In an effort to discuss the rise anti-Semitic rhetoric in the Middle Ages, my history class was tasked to read an op-ed by Dr. Sarah Lipton entitled “The Words that Killed the Jews.” In it, she takes on the task of comparing Donald Trump’s Anti-Muslim (and anti-immigrant and anti-abortion) rhetoric, with the way language gave rise to violence against the Jews across Europe at the time. The op-ed attempts to make the point that violent language can and should be blamed for noted increases in attacks against Muslims, immigrants, and Planned Parenthood. In discussion, a Jewish student objected to this comparison, as she felt that it conflated the issue, trivialized Jewish suffering then, and forgot about anti-Semitism that exists today. I disagreed but I didn’t say anything because I felt it would disrupt the class and make us stray entirely from the point, but I feel it is important to understand why these connections should, in fact, be made:
Images of the Holocaust and the Spanish Inquisition are constantly fresh and present in popular consciousness as two of the greatest tragedies of all time. The Holocaust, especially, has been memorialized time and again with films, museums, books, articles and the like. And mentions of the Holocaust often come with the caveat: Never Forget. We promise to never forget these past atrocities and its countless victims, but what people tend to forget is that the term was also popularized as a warning to never allow something like it to happen ever again. Because the Holocaust was allowed to happen. The Nuremberg laws were published publicly. The mass deportations were no secret. The ghettos weren’t hidden away. People watched as bad things happened to innocent people and they did nothing to stop it. So we promised to never forget. We promised to never allow the bystander effect to keep the whole world standing still while innumerable men, women, and children were massacred.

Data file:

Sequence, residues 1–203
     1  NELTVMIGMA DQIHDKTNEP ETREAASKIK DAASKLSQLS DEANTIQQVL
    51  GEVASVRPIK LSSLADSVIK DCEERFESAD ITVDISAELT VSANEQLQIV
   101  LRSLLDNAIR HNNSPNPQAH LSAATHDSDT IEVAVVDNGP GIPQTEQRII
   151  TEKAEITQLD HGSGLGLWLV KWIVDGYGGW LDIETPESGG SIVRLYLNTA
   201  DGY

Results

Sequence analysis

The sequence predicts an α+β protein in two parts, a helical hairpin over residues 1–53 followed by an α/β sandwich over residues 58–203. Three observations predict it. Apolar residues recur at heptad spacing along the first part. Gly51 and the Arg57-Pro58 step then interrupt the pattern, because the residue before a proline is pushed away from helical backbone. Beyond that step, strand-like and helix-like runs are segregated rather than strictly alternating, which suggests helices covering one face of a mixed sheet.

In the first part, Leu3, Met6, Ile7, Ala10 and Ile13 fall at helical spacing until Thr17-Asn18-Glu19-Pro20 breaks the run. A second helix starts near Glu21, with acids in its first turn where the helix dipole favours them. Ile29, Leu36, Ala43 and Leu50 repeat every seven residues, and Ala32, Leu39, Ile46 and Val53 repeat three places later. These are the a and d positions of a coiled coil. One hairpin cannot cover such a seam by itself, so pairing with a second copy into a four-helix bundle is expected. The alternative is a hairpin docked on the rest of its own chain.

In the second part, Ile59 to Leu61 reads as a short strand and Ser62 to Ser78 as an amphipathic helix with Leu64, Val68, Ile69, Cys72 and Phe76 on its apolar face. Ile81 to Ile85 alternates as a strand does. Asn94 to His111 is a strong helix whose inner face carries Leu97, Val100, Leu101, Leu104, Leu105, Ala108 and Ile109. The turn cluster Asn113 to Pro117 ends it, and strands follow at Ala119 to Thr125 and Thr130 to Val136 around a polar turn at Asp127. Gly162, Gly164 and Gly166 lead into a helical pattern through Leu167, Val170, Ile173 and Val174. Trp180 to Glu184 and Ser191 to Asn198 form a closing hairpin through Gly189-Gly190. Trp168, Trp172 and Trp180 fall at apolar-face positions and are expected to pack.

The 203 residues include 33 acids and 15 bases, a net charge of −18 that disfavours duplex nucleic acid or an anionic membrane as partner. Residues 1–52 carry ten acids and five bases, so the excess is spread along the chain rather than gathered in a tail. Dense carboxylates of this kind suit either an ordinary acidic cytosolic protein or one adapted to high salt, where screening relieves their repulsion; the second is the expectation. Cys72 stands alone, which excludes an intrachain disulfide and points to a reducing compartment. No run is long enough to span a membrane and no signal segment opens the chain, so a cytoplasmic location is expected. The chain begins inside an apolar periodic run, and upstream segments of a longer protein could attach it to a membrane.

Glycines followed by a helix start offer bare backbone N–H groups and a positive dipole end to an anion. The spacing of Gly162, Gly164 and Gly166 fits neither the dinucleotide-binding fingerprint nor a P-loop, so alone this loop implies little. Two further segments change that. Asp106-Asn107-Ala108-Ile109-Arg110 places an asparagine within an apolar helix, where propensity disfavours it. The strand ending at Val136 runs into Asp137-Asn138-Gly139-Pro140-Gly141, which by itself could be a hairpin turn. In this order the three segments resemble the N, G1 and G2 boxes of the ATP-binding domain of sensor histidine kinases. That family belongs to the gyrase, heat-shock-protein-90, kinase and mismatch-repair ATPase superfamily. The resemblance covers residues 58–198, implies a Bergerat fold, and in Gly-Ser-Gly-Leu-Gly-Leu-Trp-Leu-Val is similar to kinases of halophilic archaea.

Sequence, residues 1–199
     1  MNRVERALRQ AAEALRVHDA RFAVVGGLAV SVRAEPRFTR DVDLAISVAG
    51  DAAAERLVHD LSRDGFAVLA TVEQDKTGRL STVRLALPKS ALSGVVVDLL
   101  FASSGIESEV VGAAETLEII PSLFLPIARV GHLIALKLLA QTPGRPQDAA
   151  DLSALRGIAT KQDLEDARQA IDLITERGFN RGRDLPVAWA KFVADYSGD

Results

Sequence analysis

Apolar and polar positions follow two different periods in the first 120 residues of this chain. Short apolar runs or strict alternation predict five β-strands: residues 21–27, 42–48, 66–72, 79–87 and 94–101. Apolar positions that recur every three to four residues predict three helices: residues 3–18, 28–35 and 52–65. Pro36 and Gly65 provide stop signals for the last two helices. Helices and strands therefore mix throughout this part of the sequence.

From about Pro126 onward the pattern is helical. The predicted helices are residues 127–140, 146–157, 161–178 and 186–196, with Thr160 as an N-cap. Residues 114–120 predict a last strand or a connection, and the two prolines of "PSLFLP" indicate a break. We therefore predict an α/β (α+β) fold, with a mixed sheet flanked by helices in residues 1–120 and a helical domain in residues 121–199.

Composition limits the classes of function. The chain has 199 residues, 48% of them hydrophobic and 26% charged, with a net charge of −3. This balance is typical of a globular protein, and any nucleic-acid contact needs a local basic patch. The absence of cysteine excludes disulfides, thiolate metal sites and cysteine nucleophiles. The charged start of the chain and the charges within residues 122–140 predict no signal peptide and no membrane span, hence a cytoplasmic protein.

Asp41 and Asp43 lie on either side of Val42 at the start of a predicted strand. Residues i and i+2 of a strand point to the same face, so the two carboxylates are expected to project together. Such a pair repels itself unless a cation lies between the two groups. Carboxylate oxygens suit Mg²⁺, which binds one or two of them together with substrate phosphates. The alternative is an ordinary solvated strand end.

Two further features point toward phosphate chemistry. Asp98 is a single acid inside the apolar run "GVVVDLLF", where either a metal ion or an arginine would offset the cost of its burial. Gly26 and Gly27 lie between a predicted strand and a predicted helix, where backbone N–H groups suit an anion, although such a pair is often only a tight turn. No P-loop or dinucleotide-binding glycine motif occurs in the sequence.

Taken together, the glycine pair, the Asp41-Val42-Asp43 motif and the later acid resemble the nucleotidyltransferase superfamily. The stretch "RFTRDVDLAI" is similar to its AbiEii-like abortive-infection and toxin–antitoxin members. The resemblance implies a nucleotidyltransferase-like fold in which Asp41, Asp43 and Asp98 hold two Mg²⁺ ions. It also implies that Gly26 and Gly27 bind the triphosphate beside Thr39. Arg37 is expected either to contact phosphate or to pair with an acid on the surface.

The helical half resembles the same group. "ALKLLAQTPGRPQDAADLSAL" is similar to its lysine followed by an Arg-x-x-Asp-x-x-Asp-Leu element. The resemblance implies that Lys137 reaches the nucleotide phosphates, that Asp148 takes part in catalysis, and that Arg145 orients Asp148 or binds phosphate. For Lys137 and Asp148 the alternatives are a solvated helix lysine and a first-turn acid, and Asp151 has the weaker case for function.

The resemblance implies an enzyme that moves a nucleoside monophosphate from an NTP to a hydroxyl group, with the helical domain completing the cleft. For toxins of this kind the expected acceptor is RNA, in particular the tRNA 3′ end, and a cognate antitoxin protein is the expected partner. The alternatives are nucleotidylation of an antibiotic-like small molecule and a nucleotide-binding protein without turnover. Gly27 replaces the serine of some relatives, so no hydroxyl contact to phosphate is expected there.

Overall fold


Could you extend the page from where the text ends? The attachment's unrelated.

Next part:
And yet, Donald Trump can say that he wants to force Muslims to wear clear marks of identity. He wants to perform mass deportation on the millions of undocumented immigrants living in the United States, to send them back to places they’re escaping from largely due to problems the U.S. itself created. People are quick to highlight how similar Donald Trump’s campaign ideals are to Adolf Hitler’s, not out of a desire to trivialize Jewish suffering or to deny the existence of anti-Semitism, but in fulfilment of the promise we all made to Never Forget. By drawing these comparisons, we are actively honoring the memories of those who have been lost,we are ensuring that their deaths aren’t so in vain, and that we, as a society, won’t allow these things to happen again.
History is a potent driving force. Humans are fickle creatures, afraid of change and afraid of making decisive decisions. When we show someone how something happened in the past, we ground our claims in an undeniable reality. By linking Donald Trump’s rhetoric to historical counterparts that led to great tragedies, the historian paints a picture of what can happen if we do not stand up and stand firm for those who may lack imagination. The historian, as an artist, commemorates the victims in history not by painting a picture that will sit in a museum, but by creating one that should stir people to action.